Actually, in hindsight, I’m kind of disappointed I don’t get cat-called as much as I used to. What the heck? Forget it. I do miss this! Nothing wrong with funny little ego boosts.

9) Strangers always ask…

When you own a Sportster, you’ll get stopped a lot, in shop parking lots, at the gas station, wherever, “Hey, is that a Harley?” It will happen to you weekly.

The interruptions to your day aren’t bad. It’s that people with children will ask if they can put their kids on your motorcycle for a picture, so then you need to take time to explain that they can’t because the exhaust pipes and the motor are very hot and there’s a good chance the kid could get burned. I don’t miss all of those conversations with strangers.

10) Uncomfortable

The Sportster itself isn’t the most comfortable cruiser. If you’re 5’11 or taller you will probably find it cramped, especially if your Sportster has mid controls instead of forward controls.

Luckily, you can get Sportster forward controls for as little as $120 if your bike comes with mid controls, but the seats will still be uncomfortable on long rides.

sportster garage

Bonus: Repair quotes

I spent a lot of time in my garage working on my Sportster. That’s because everything seemed to cost $700 Canadian (about $550 USD).

Luckily, I was able to find my own parts (sometimes second hand), or get a few cheap seals from the dealership, and do the work myself for about $25 and a six pack of beer.


Did you find this interesting? Let me know what you think/thought of your Harley, or of Sportsters in general, in the comments section down below.

Harley-Davidson has been making the Sportster since 1957, tweaking and improving it all along the way. I don’t think the Sportster is a bad motorcycle. I think it’s an excellent building platform. With the Sportster, you have an excellent foundation to swap in the parts you want and build an excellent motorcycle, but that means it doesn’t come perfect right from factory.

I enjoyed my year on my Sportster, but I’m glad her 10 shortcomings are someone else’s problem now.

If you found this interesting, let me know what you think/thought of your Harley in the comments, and go ahead and take a look at 10 Things I Miss About My Harley – it wasn’t all bad!

About Adrian from YouMotorcycle

I started riding motorcycles in 2007, founded YouMotorcycle in 2009, and was working in the motorcycle industry by 2011. I've worked for some of the biggest companies in motorcycling, before going full-time self-employed in the motorcycle business in 2019. I love sharing his knowledge and passion of motorcycling with other riders to help you as best I can.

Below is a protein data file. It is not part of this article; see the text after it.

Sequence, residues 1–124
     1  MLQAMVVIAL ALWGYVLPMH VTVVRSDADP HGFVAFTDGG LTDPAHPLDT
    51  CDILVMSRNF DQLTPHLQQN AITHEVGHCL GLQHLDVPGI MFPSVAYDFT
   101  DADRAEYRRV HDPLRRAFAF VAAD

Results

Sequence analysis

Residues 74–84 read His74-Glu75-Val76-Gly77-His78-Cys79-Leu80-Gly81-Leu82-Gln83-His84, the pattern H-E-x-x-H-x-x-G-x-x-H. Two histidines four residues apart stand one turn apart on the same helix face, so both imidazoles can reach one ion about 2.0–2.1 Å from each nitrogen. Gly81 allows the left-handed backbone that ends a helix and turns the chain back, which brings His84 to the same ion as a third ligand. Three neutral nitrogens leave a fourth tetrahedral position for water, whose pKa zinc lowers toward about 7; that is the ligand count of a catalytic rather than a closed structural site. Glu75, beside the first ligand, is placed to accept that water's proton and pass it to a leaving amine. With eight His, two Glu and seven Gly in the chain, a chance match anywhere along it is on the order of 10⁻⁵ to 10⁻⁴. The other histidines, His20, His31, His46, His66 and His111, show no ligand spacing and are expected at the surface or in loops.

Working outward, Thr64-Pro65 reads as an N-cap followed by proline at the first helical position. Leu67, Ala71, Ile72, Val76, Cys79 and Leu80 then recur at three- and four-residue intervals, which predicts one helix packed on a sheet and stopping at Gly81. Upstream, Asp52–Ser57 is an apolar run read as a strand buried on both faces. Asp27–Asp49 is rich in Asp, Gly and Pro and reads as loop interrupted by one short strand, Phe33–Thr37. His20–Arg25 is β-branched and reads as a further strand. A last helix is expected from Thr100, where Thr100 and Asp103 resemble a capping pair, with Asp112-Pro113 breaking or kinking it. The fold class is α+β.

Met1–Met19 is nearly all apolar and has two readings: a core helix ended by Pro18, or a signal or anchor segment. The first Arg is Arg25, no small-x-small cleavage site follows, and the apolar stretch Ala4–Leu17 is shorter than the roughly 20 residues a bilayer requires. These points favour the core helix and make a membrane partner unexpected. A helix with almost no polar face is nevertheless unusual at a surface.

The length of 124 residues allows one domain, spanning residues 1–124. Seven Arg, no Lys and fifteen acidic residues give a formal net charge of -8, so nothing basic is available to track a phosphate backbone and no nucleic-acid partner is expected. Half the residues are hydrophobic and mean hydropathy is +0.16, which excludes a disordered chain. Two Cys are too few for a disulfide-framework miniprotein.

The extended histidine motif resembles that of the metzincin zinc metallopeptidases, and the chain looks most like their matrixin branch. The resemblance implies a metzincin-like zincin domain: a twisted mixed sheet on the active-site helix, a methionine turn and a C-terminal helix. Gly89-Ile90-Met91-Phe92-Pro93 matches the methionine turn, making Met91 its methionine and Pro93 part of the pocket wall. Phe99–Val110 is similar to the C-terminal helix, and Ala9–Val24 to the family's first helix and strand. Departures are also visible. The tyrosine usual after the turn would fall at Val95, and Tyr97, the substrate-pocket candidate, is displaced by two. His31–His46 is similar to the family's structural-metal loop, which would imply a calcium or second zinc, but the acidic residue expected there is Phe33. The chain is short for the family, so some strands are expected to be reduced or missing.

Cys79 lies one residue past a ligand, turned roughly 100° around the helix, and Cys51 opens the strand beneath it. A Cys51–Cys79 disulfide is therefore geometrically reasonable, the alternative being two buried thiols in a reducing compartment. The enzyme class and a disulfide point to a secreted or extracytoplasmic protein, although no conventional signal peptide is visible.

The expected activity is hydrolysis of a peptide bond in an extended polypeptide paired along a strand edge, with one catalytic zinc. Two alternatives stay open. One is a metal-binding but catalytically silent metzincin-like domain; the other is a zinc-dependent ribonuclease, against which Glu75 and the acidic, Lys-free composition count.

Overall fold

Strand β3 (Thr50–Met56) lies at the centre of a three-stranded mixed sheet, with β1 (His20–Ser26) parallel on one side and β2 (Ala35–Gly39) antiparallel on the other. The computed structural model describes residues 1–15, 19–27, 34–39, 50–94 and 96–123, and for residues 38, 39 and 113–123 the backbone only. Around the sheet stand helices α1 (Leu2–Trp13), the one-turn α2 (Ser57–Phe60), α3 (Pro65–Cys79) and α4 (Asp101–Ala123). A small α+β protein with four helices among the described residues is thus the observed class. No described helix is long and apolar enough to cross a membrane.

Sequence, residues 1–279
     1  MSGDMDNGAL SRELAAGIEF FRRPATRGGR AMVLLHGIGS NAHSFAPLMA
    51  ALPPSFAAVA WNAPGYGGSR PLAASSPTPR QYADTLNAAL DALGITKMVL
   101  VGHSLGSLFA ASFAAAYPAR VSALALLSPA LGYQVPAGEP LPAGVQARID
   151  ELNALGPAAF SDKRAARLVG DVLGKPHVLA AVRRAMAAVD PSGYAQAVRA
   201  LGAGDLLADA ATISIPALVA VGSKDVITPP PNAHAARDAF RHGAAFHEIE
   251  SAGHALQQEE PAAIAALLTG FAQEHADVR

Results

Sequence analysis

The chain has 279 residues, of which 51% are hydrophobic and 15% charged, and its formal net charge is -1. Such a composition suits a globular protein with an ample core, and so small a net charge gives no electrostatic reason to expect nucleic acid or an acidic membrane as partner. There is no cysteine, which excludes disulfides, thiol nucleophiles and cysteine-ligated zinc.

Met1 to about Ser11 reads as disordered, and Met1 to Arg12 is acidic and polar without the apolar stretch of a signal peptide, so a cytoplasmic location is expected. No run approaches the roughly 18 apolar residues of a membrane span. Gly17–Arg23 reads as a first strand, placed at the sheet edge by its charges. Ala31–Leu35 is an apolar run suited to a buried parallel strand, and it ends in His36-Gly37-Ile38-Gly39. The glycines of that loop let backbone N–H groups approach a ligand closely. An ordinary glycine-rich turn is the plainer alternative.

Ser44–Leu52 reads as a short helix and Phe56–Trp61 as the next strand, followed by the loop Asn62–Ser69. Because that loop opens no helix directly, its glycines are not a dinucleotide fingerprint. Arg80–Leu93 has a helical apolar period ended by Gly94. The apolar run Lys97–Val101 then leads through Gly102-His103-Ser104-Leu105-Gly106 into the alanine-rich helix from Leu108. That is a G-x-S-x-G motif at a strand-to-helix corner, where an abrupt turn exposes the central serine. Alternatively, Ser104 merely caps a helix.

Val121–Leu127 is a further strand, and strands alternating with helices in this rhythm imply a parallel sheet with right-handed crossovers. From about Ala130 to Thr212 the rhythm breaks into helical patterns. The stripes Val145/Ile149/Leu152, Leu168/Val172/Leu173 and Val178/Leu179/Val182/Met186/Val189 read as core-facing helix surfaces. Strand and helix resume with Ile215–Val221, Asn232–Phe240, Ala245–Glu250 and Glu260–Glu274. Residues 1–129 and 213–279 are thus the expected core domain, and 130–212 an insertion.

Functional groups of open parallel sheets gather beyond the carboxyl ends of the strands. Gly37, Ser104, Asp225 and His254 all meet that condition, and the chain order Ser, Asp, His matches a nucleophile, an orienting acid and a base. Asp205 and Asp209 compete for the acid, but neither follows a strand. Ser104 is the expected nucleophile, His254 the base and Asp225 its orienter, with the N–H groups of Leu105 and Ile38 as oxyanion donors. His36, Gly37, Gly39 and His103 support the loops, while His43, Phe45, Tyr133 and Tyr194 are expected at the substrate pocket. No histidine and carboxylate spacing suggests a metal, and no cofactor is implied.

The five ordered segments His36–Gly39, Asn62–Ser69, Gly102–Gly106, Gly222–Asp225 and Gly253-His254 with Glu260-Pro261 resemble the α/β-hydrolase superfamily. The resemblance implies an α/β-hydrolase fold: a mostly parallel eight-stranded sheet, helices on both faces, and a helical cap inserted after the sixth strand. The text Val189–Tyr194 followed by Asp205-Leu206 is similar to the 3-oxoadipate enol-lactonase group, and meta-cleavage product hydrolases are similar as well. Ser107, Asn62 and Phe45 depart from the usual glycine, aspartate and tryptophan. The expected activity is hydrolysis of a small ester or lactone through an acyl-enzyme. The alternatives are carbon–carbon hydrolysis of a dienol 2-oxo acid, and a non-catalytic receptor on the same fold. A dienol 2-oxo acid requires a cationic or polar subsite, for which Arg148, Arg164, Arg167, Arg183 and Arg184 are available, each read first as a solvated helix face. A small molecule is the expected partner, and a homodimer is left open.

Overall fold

1. I agree entirely with your 10, and I would add an 11th, that being its rawness. Its a vibrating snorting pulsing thing at its heart which at times gets rather old and tiring. I had a Sportster for 3 years before I tired of it and added a Suzuki Vstrom to the stable. The differences are so stark and I found myself spending much more time on the vstrom. The Vstrom was incredibly cheap and easy to work on, ran as smooth as butter, had gobs of suspension travel, cornered/handled so much better, that I found my sportster gathering dust in the garage as I spent more and more time on the vstrom. At the 4 yr mark I sold the harley (I called mine “the gnarley”). 2 yrs after that, I’ve also moved on from the vstrom to a goldwing f6b, which is my latest two wheeled infatuation! Its like a magic carpet ride of glory compared to the “gnarley” in every possible way. Ive not missed the harley. It was a stopping point on the journey of motorcycling but one I do not plan on revisiting.

    • Yeah the rawness is a lot of fun, but when I had my Sportster I was doing about 15,000 km a year (almost 10k miles) and honestly, I loved the Sportsters character, but at long rides, or long days where you’re running around running errands on the bike all day, sometimes big characters can start to get annoying.

  2. Agreed. I believe that a lot of Beemer riders probably do not wave at Harley owners… for the same reason(s) a lot of rice-burners don’t, and that is: perception of “criminality”.

    Honda was first to coin the phrase about meeting the “nicest” people, but I think these days, the REALLY nice (not to mention well-to-do) folks are straddling BMW’s. And the furthest thing from THEIR minds is being associated with anything potentially related to the “dark side”. (which was precisely why Honda came up with their award – winning campaign). Conversely, “wild and untamed” has been Harley’s clandestine calling card since the day Brando starred in the movie!